Wounds and disease in the war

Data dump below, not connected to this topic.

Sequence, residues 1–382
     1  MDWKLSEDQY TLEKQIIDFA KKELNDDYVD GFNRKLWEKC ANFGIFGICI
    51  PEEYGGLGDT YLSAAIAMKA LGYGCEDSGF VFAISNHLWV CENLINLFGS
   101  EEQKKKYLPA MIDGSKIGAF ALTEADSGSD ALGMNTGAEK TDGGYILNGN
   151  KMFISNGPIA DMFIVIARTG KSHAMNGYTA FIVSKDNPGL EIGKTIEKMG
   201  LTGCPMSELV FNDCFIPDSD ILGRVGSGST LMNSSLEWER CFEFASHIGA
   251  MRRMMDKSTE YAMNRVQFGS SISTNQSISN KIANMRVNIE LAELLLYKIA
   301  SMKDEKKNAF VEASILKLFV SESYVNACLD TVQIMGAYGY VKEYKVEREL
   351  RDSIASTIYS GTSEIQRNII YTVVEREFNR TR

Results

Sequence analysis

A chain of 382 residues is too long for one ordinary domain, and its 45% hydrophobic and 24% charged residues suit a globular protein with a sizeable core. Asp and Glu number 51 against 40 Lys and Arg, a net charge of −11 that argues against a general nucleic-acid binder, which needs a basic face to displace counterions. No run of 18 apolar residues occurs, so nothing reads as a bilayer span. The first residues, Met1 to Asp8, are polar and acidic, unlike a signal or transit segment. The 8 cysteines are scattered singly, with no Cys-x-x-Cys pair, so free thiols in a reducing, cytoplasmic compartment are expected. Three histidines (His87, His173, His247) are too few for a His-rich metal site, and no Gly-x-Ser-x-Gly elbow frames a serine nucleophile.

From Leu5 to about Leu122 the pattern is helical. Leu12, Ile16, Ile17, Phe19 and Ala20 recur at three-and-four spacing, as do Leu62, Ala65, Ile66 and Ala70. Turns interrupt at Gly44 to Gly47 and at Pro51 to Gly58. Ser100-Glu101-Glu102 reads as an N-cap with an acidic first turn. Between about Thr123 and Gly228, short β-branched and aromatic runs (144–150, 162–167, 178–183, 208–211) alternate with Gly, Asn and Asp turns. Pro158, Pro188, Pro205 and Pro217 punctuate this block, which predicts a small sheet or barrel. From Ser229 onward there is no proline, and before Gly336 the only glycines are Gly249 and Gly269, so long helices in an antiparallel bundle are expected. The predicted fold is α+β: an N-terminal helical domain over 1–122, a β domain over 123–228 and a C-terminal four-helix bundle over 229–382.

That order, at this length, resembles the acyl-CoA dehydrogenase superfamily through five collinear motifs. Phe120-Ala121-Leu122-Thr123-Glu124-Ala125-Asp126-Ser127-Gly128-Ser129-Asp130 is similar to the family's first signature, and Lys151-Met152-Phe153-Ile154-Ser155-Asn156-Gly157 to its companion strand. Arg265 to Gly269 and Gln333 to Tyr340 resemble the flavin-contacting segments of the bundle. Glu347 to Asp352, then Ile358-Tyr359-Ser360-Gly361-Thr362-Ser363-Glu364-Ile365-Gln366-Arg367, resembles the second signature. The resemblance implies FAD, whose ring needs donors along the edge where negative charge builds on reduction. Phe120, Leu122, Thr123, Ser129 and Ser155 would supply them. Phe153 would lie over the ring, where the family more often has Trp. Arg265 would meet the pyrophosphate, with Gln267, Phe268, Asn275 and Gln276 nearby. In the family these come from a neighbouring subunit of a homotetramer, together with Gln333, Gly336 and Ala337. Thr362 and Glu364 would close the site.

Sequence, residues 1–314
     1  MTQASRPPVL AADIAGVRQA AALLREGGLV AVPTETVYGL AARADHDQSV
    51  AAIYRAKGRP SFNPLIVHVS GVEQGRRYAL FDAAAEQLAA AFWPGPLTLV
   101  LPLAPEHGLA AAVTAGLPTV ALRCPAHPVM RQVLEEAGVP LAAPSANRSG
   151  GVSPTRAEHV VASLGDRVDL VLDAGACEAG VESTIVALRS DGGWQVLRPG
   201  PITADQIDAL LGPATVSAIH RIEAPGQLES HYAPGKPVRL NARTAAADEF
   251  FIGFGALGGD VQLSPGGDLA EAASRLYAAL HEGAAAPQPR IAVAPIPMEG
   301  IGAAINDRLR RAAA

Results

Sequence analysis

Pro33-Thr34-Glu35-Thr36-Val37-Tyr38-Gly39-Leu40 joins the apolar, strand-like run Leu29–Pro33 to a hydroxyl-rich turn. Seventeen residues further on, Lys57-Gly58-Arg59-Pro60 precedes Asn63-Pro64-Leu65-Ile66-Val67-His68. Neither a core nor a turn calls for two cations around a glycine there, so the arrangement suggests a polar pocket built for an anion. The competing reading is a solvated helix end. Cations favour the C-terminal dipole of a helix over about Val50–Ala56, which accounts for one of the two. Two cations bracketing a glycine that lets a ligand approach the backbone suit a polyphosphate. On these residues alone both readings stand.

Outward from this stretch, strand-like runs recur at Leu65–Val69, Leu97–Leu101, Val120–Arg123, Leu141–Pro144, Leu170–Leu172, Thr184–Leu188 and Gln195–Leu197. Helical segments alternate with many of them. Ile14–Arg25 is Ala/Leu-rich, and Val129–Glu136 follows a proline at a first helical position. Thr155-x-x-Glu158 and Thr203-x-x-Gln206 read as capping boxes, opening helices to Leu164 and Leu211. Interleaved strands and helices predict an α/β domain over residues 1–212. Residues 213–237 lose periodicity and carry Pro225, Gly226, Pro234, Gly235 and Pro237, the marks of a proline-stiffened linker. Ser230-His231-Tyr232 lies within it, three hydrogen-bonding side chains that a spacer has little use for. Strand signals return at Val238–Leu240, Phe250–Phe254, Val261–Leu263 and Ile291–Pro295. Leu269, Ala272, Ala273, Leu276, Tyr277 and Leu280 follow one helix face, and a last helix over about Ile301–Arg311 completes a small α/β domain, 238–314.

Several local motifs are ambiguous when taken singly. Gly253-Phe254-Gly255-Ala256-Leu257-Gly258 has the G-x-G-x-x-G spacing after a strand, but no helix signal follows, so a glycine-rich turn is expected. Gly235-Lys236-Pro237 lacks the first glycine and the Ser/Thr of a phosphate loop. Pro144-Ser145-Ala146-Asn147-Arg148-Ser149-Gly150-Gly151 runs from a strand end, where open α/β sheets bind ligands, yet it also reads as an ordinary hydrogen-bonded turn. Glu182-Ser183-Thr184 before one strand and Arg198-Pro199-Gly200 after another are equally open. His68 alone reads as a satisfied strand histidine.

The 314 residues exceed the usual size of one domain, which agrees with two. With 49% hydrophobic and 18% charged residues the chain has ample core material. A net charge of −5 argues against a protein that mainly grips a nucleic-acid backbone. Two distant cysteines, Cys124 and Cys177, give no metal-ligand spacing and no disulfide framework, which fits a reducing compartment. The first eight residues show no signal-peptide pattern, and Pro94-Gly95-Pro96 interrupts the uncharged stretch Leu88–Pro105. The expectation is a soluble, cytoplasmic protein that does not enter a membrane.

In 1916 the surgeon Ferdinand Sauerbruch achieved an important breakthrough in arm prostheses. The Sauerbruch arm, as it was called, allowed the hand to be moved by the upper arm muscle. The demands made of medicine by the war resulted in the development of a variety of medical procedures, not only in prosthetics, but also in blood transfusion, plastic surgery and research into poisonous gases and epidemics. The new weapon techniques produced novel and challenging types of injuries and diseases. There were many soldiers with wounds and infections that took on epidemic proportions and soon placed an enormous burden on the medical supply system.